Adiscussion of Chinese real estate investment in the US should include two of the most significant, groundbreaking transactions in the hotel sector: Anbang Insurance’s purchase of the Waldorf Astoria, and Sunshine Group Insurance’s purchase of the Baccarat Hotel.
As reported, the Anbang transaction involved the highest price ever paid for a hotel property in US history. In Sunshine Group’s purchase, we saw the highest price per room ever paid for a hotel in the US. The author’s law firm was involved in both of these landmark deals.
Beyond historic, the Anbang deal was so high-profile because it also touched on issues relating to national security. The Committee on Foreign Investment in the US (CFIUS) stepped in to review the transaction because the residence of the US Ambassador to the United Nations has always been located in the hotel. US presidents have also stayed there on visits to New York since the hotel’s completion in the 1930s.
CFIUS reviews, investigates, and can block any transaction that would result in the control of a US business or asset by a foreign purchaser that raises serious national security risks. The closing of the deal was delayed for several months due to the CFIUS review. The transaction was ultimately approved and the sale closed only after the CFIUS review was completed.
Anbang’s acquisition demonstrated that in the past two years, the hotel sector investment in the US market has been extremely active. With regard to Chinese investors, the various record-shattering transactions are largely the result of two major developments:
(1) Relaxation of the regulations applicable to Chinese insurance companies for outbound investment into the US for real estate; and (2) recognition of the investment potential in the US hotel sector as an asset class, particularly for “trophy” hotel assets.
China’s loosening of its outbound investment restrictions is definitely one major development. The relaxation of such restrictions is not just limited to individual investors, but also private firms, public companies and, most recently, heavily regulated insurance companies. This crucial development has led to a tremendous increase in capital flows into US real estate as direct investment.
Since the recession, the US has seen capital flows in this sector jump from about US$5 billion in calendar year 2009 to nearly US$90 billion in calendar year 2015.
Capital flows from Asia into the US increased to more than US$66 billion in 2015. Of that, 27% was invested in Manhattan, New York; about 25% more flowed into the US real estate than was invested in the UK from Asia in 2015. This preference for US real estate will likely only increase, given other recent economic and political developments.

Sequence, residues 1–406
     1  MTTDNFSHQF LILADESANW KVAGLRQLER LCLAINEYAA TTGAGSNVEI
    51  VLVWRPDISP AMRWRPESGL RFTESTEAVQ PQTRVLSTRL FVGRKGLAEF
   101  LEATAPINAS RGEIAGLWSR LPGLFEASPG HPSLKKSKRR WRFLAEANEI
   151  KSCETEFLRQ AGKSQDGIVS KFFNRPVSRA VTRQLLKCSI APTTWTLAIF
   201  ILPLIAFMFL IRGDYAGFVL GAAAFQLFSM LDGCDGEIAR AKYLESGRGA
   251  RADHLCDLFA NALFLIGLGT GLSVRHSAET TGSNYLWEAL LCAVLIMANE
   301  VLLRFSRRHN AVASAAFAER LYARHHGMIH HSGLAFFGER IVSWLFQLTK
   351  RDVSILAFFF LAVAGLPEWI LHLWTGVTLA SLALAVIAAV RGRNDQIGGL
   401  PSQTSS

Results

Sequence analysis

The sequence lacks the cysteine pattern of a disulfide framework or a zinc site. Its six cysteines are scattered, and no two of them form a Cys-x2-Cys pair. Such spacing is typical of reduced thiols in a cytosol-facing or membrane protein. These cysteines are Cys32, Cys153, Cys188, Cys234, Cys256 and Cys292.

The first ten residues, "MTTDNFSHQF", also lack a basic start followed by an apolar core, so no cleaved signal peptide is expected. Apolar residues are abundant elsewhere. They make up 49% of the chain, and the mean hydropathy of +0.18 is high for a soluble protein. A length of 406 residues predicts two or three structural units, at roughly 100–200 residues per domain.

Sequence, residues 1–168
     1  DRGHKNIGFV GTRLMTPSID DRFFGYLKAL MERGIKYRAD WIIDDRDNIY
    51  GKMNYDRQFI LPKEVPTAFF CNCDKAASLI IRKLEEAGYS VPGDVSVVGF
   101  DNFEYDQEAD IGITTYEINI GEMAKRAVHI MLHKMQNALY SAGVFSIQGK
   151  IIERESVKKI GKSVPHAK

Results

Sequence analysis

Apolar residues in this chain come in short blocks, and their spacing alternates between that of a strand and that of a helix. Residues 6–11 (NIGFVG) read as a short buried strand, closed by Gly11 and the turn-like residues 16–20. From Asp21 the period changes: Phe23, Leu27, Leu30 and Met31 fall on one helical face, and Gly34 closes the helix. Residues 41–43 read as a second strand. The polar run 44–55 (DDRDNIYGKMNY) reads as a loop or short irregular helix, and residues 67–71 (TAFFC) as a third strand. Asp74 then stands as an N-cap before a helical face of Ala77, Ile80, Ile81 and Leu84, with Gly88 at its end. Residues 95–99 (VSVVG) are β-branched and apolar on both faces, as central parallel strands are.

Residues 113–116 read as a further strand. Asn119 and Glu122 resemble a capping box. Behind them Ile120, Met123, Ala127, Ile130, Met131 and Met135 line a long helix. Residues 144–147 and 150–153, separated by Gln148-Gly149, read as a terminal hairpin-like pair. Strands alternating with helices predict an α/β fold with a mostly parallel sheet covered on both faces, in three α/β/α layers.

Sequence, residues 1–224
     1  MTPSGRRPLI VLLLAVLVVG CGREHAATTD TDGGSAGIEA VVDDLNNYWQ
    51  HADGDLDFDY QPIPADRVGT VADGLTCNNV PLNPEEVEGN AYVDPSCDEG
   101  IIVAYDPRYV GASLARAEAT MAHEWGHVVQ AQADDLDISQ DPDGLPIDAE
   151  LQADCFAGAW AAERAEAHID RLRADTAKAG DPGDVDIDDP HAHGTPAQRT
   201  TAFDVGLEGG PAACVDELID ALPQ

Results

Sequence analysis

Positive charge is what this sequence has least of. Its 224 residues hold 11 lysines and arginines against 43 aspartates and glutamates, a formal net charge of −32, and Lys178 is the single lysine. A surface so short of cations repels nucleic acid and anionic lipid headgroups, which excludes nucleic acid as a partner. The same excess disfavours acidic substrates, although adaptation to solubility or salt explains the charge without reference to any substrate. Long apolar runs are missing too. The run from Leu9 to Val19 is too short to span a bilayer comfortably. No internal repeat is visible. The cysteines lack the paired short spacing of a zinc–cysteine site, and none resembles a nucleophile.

However, Chinese investors’ initial interest in real estate was not focused on the hotel sector until recently. Stabilized properties, mostly office buildings in major US gateway markets, were their primary focus at the very beginning. That investment focus has expanded to other property types, with a significant movement into residential development, primarily condominium or multi-family rental projects in gateway markets.
Some demographic trends in the US, and a change in how companies utilize their office space, seem to have cooled the initial focus on office properties.
Similarly, concerns about overbuilding in certain gateway markets in condominium development projects have somewhat decreased the appetite of Chinese (and other) investors in those projects in the first half of 2016. Nonetheless, the slowdown in the condominium market, while pronounced, is more likely to be temporary, as a reflection of overbuilding in some markets. Development and further inbound investment will likely rebound when supply and demand fundamentals improve, and the oversupply of new condominiums is absorbed.
KEY REGULATION ISSUES
In general, the US does not have a tremendous number of legal or regulatory prohibitions or challenges for investors into US real estate. Tax laws and treaties, however, are the main regulations that require considerable attention by foreign real estate investors from China into the US. These laws are critical when expatriating funds back to China. It is advisable that the parties involved consult an expert in cross-border tax solutions.
Through properly structuring the acquisition from inception, experts may help legally minimize the taxes imposed on Chinese investors in the US.
In addition, the CFIUS review, although extremely rare, may affect the acquisition of an asset in the US if national security interests are implicated.
Finally, although the EB-5 programme is expiring at the end of September, Chinese commercial real estate investors do not typically use it. Therefore, changes to the programme that might be part of its extension would not likely have a significant affect on the appetite of investors from China for commercial real estate in the US.
Robert J. Ivanhoe is a shareholder in the New York office of Greenberg Traurig and the firm’s global real estate practice chair. He can be contacted on +1 212 801 9333 or by email at email@example.com